Mauritius has a very rich history having been laid claim to by many countries. Arab and Malay sailors were the first to discover Mauritius as early as the 10th century but never lived on the island. The Portuguese arrived in 1507 naming the island Ilha do Cerne meaning 'Island of the Swan' which is believed to be referring to the once prevalent Dodo population.

The Dutch named the island after the Prince Maurice of Nassau when they arrived at the island in 1598. However, it was only in 1638 that the island was first properly colonized by the Dutch with the introduction of sugar cane and slaves. In 1639 Adriaen van der Stel, the father of the famous governor of the Cape of Good Hope: Simon van der Stel, became the chief of the island as the Dutch sought to increase the agriculture and infrastructure on the island.They eventually abandoned the colony after years of failed crops leaving their slaves and animals behind.

In 1715 the French laid claim to Mauritius and renamed it Isle de France. It became a prosperous colony under the French East India Company with the island serving as a naval and privateer base during the Napoleonic wars. Mauritius was later captured by the British, however, French institutions such as roads, hospitals, and the Napoleonic code of law, were all maintained. The French language is still more widely spoken than English even though English is the official language of Mauritius.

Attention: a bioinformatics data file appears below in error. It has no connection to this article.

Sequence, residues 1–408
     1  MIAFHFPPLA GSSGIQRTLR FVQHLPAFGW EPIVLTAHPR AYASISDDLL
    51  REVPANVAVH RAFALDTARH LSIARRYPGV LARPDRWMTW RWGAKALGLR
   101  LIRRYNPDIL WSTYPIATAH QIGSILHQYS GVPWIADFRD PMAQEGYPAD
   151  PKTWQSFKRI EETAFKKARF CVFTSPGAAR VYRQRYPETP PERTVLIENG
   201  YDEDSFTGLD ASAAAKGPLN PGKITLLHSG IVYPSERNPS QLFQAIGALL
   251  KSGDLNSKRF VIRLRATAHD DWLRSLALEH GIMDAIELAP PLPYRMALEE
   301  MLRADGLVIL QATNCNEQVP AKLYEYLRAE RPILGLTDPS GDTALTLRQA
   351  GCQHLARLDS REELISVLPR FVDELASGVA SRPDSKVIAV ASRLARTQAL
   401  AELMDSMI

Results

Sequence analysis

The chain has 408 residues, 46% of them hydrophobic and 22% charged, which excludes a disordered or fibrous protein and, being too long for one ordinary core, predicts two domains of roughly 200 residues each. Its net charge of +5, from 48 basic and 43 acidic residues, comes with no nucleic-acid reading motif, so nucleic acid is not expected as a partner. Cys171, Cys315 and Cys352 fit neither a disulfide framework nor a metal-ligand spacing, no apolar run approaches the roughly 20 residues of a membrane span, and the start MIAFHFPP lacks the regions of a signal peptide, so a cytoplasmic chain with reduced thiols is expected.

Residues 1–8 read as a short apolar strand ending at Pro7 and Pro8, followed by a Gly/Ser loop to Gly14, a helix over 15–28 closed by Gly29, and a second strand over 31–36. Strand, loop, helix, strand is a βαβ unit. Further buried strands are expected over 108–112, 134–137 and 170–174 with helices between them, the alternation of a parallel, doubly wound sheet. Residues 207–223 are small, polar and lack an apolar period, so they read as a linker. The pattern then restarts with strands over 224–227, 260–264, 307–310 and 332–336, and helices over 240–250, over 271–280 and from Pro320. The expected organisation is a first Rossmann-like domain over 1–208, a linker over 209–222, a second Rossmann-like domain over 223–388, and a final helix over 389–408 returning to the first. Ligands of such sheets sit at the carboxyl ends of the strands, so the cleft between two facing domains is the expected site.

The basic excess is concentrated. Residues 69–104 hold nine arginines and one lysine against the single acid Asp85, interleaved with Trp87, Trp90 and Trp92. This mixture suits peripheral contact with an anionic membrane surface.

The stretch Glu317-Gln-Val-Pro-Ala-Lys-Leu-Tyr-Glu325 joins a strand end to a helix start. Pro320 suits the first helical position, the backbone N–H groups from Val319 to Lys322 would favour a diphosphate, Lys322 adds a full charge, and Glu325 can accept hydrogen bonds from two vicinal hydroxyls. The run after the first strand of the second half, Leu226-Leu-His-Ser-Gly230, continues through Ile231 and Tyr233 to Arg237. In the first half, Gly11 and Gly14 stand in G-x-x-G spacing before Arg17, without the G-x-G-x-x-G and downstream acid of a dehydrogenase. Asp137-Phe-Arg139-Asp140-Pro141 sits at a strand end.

Slavery was abolished in Mauritius in 1835 leading to a mass immigration of Indian workers looking to make a livelihood working on the sugar plantations. Mauritius later won their independence from Britain in 1968 but would only become a republic in 1992.

With its diverse history, Mauritius has been a crucible for the many cultures that have landed on its shores. Having had a stable democracy and good human rights record through its history, the island stands as one of Africa's success stories.